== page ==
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by Joel Caris
What I find wonderful about art is the brevity and expansiveness of it. Over the course of a good two hour movie, an artist can comment brilliantly on incredibly complicated and sweeping elements of life. A twelve page short story can speak a numbing truth about love. A three minute song can rip your heart out or just make you laugh. Or a single, beautiful photograph can leave you breathless, lost in thought yet unable to get your mind around all the thoughts it inspires.
These things happen in life, of course, because life is exactly what the art is reflecting. But life is messy, complicated, drawn out, boring—pretty much everything but sharp and neat and immediate. A great artist may be able to distill a human experience into a single inspiring frame, but that same experience in real life is rarely so compact and direct.
Saturday, I visited the Portland Art Museum and found myself browsing an exhibition of Elliott Erwitt photography. Black and white shots, Erwitt's pictures focused mostly on humans, sometimes in absurd situations or with absurd expressions. A significant minority featured dogs and their owners, with the dogs typically being more strange than normal. Most were beautiful, some were fascinating, a few of them were sad and others acted as societal observations.
While I enjoyed all the photographs, laughed at a few, and was left thinking by others, one of them just blew me away. It's pictured at left—a couple in Spain dancing in their tiny kitchen. I'm not sure what it is about this picture. Certainly, the framing of it is intriguing, with Erwitt taking the picture through the kitchen's entryway. The photograph's effect on me, though, really has nothing to do with the framing. It's what the picture shows of this couple. It's the quiet intimacy in their touch, in their kiss. It's how small and worn, yet inviting, the kitchen appears. It's the writing on the wall: "papas R.I.P."
I don't know if the pose was captured or if it was staged, but it looks real. It seems spontaneous and based on love and affection, rather than any desire to pose for Erwitt. Everything about the photograph feels real to me, a capturing of one of those beautiful, contented moments of life.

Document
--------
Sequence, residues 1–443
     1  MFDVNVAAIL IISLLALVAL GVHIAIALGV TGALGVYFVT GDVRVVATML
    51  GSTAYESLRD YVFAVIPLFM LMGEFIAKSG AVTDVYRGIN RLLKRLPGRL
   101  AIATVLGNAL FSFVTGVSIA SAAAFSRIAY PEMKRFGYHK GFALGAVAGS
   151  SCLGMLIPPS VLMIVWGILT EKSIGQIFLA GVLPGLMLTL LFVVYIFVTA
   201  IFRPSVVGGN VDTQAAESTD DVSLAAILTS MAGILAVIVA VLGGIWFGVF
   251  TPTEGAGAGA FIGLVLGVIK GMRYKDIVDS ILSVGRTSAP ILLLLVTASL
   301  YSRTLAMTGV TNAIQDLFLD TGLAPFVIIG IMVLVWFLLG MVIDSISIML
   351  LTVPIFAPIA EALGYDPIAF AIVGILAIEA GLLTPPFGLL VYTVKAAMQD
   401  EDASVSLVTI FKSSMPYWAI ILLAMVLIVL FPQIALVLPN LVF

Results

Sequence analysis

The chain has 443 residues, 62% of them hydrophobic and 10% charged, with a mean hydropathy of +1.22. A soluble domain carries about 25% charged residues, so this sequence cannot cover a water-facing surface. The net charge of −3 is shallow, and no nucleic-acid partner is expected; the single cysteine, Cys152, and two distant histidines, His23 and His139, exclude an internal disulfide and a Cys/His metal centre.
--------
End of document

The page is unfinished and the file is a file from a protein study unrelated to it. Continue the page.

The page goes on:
I love everything that this picture says about this couple's relationship. It's quiet, simple yet expansive, mutual. It's incredibly compelling and hopeful. Yet, perhaps more impressive is just how much the picture seems to encompass. It's not just about the relationship between these two people, which is captured in the pose, but it's also about their life. And their life is in the kitchen, it's in the writing on the wall, it's in the dirt and grime, it's in the bowl on the counter, the pattern on the wall, the bare light bulb. Every detail is there. The picture is filled with small elements of their life that is normal and every day for them, but that can speak volumes to strangers, if looked at in the right way. And while these small objects may slip into the background for this couple as they go about living their lives, the objects are imbued with details of how they live, memories of what they have done, traditions and habits and beliefs. All of that is in the frame.
I literally just stopped short when I saw this picture. It hit me instantly. I stared, and I stared, then I slowly took myself away from it and looked at a few other pictures. Then, a few moments later, I was back, staring at this one mesmerizing capture. Eventually I was able to get away from it and appreciate the rest of the exhibit, then move on to other sections of the museum. But I returned to look at this photograph twice before I finally left the building. I just wanted to see it again and again, to experience the emotions it brought. I wanted to continue to look upon this couple and believe in every promise it held, every moment of happiness it suggested.
There were other great photographs in the exhibit, of course. The picture of the boy on the 3rd Avenue El, looking out its back window at the train tracks and city skyline. The funny and fascinating shot of an art class in which the artists are naked and the model is clothed. The snapshot of a tiny, sweater-clad, rat-like dog, wide eyed at the feet of its owner, New York fuzzy in the background. The ridiculous bouncing dog. A haunting shot from the Kennedy funeral. Or simply an amusing expression and interesting situation.
Yet, while I love all those photographs, none hit me the way that simple picture of a couple from Valencia, Spain dancing in their kitchen does. It's just a perfect example of how art can often be so much more succinct at summarizing life than life itself is. It's an example of how a great artist can take so many elements of life—so much of the expansive human experience—and show it to us, simple and condensed, shocking and beautiful, in a way that we simply can't and don't see when we're actually living it.
Joel is naming his next band The Ridiculous Bouncing Dogs